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NATO denies targeting Gadhafi in airstrikes

NATO missiles have hit a number of sites in the Libyan capital, Tripoli. Libyan leader Moammar Gadhafi's compound was reportedly among the targets, but the organization denies targeting Gadhafi directly with the strikes.

banner with gadhafi

Opposition to Gadhafi continues in full force in Libya

NATO on Tuesday launched a series of missile strikes, bombarding the Libyan capital, Tripoli. The precise targets of the strike were unknown, but witnesses suggested that missiles were aimed at Libyan leader Moammar Gadhafi's compound.

"The direction of at least one blast suggests Gadhafi's compound has been targeted," one witness told Reuters.

NATO, however, has denied that the raids were aimed at killing Gadhafi, who has not appeared in public since April 30. NATO Brigadier General Claudio Gabellini said Tuesday all targets were military targets.

"NATO is not targeting individuals," Gabellini told reporters via videoconference from the operation's headquarters in Naples, Italy.

Foreign journalists were shown a Tripoli hospital where windows had been shattered on Tuesday morning. They were also shown the remains of a government building, formerly the home of the Libyan High Commission for Children, which officials said was destroyed in a previous NATO airstrike on April 30.

NATO has been carrying out airstrikes in Libya since March. The operation is meant to enforce a UN mandate to protect Libyan civilians from Gadhafi's forces.

Arms depot hit

An ambulance

Four children were injured during airstrikes on Tuesday

On Monday, rebels said a government arms depot 30 kilometers (19 miles) southeast of Zintan, a town in the Western Mountains, was bombed four times by the Western military alliance.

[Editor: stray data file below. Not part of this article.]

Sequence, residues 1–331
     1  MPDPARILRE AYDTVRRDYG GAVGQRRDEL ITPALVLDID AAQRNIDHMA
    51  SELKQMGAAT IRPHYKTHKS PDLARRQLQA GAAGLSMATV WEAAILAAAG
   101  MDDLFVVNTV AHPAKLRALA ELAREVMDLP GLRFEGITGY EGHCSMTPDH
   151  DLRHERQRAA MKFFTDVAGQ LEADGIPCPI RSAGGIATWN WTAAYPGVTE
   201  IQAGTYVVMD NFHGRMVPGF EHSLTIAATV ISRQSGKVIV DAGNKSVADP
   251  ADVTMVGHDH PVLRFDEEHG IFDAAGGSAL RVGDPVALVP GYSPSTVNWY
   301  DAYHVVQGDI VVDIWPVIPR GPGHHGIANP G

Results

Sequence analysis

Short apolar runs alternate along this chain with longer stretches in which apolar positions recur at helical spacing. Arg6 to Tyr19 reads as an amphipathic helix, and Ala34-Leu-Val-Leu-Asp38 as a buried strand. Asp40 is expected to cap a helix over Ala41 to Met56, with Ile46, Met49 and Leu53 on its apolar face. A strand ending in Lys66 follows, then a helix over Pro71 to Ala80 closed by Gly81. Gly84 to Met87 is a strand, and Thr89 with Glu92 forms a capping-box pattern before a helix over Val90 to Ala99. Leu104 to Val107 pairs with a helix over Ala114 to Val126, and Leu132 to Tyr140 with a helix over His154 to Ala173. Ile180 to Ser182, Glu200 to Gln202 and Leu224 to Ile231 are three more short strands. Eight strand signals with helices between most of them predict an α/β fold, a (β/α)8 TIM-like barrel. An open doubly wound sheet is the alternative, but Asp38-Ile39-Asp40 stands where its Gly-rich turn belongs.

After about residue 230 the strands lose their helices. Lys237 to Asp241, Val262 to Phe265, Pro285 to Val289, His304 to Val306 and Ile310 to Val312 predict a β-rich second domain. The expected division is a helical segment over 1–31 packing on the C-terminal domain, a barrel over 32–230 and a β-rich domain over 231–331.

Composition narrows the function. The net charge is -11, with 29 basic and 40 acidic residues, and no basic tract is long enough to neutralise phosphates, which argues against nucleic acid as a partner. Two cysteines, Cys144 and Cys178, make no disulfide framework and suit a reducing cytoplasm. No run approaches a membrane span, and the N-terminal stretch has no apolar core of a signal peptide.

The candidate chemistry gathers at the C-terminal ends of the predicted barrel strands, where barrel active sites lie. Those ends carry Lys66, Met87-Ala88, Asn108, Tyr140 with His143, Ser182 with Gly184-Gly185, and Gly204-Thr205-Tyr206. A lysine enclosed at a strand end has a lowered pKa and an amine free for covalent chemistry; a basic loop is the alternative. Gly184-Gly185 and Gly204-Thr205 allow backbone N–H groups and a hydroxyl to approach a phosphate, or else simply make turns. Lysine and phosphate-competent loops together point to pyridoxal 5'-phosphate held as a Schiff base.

"The site has some 72 underground hangars made of reinforced concrete. We don't know how many were destroyed. But each time the aircraft struck we heard multiple explosions," a spokesman for the rebels told Reuters.

Another spokesman said the planes also struck around Tamina and Chantine, east of the rebel-held city Misrata.

Battle rages in Misrata

Meanwhile, clashes have continued in Misrata, the only remaining rebel-controlled city in eastern Libya. Rebels said Tuesday they had forced back troops loyal to Gadhafi from areas on the edge of the city.

Hundreds have been killed in the region during weeks of fierce fighting between rebels and Gadhafi's forces.

In response, the United Nations' senior aid official on Monday called for an end to the fighting in Misrata. Valerie Amos told a meeting of the Security Council in New York that a pause in hostilities would allow aid agencies to deliver relief supplies and evacuate foreign nationals, as well as the sick and wounded.

More than 750,000 people are thought to have fled Libya since fighting broke out in February.

Authors: Sabina Casagrande, Charlotte Chelsom-Pill (AP, AFP, Reuters)

Editor: Martin Kuebler

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